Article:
Notebooks may be the driving force behind the continued growth in the computer category, but the vendors refuse to quit on the desktop and have managed to infuse some life into the category with the wide introduction of all-in-one (AIO) models.
Hewlett-Packard, Gateway and Sony all made big splashes in 2007 with their AIO lines, and each is looking to move forward in 2008.
Gateway's One line, which started shipping late last year, is being positioned by the company as a premium model geared toward the consumer looking to make a style statement, said Glenn Jystad, Gateway's desktop products senior manager. The units are priced at $1,299, $1,599 and $1,799, but this can vary depending upon configuration. Gateway sees the One being versatile enough to be used just about anywhere in a home, giving it an edge over the traditional PC tower that tends to get stuck under a desk.
"Gateway hopes the U.S. market adopts the all-in-one. We believe it may take awhile, but it will grow," Jystad said, adding that the AIO design will be pushed further down Gateway's line to more affordable units, although he did not say when this was likely to happen.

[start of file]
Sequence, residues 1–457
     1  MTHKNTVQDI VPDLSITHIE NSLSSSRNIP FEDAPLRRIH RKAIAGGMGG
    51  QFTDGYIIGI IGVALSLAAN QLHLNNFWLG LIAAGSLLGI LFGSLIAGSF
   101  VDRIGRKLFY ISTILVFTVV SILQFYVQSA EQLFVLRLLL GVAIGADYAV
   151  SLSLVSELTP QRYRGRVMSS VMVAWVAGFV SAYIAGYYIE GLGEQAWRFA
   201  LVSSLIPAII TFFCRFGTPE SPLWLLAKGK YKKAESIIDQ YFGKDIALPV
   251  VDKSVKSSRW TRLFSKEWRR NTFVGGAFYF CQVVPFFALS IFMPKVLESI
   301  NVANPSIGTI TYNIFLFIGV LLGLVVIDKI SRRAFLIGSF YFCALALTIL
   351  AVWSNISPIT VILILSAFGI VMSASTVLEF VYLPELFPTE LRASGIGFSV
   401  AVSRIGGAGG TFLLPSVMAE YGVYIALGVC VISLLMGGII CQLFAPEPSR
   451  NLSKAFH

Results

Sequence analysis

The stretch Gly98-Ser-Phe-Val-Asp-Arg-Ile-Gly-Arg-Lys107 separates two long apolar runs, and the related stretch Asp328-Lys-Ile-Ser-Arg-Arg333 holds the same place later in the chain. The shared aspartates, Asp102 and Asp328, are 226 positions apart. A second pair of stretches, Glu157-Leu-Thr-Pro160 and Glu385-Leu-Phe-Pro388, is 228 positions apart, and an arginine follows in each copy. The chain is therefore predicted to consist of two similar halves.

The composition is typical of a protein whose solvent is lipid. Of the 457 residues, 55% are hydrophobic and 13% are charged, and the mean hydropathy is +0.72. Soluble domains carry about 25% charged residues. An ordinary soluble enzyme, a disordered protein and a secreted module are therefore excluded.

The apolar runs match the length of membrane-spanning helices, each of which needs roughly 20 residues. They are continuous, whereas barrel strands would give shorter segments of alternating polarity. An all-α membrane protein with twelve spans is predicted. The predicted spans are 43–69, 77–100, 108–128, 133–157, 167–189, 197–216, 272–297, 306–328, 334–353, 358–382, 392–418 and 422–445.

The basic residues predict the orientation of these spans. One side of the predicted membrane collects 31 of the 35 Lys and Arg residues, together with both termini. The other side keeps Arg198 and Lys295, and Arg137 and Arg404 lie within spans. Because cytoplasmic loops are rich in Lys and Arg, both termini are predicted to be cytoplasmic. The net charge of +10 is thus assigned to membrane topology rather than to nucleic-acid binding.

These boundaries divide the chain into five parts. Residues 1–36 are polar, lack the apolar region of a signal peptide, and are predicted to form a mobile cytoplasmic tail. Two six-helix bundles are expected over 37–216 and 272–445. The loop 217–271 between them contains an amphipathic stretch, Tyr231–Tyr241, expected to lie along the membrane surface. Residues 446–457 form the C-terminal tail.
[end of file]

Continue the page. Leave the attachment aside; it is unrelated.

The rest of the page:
Sony also anticipates growth for the category, said Mike Abrary, Sony's Vaio product marketing VP, but this company sees the AIO entertainment capability overshadowing its computing power.
"We don't envision this in a kitchen, but for a den or dorm room with the entire computer mounted on a wall," Abrary said. "This really changes what you can do with a TV."
Though not garnering the same level of interest as in the past, conventional tower PCs are still a mainstay for the category, primarily because they can be priced to attract the entry-level buyer. Their large size also allows these units to be packed with add-on features like extra optical drives and removable storage.
HP will focus on delivering very high-performance models with hybrid HD DVD/Blu-ray Disc drives, two removable hard drives and a unit using the upcoming AMD quad-core processor.